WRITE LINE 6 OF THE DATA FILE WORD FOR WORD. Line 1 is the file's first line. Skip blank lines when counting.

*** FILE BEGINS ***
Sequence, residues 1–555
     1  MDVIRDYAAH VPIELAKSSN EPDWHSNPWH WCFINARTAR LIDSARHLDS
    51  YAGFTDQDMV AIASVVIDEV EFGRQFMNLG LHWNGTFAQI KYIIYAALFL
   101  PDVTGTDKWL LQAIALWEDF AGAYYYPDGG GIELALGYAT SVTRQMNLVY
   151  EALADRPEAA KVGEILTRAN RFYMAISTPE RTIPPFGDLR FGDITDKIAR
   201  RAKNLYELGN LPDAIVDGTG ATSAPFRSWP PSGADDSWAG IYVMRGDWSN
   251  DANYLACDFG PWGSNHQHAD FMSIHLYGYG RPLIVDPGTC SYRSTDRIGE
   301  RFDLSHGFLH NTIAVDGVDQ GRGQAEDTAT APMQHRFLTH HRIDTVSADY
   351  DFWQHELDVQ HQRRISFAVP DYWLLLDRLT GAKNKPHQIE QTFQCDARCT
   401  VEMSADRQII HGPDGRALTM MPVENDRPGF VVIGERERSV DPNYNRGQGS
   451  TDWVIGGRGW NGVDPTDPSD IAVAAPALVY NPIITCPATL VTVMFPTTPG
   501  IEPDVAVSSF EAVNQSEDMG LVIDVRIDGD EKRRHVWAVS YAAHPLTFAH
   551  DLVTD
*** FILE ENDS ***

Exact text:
   201  RAKNLYELGN LPDAIVDGTG ATSAPFRSWP PSGADDSWAG IYVMRGDWSN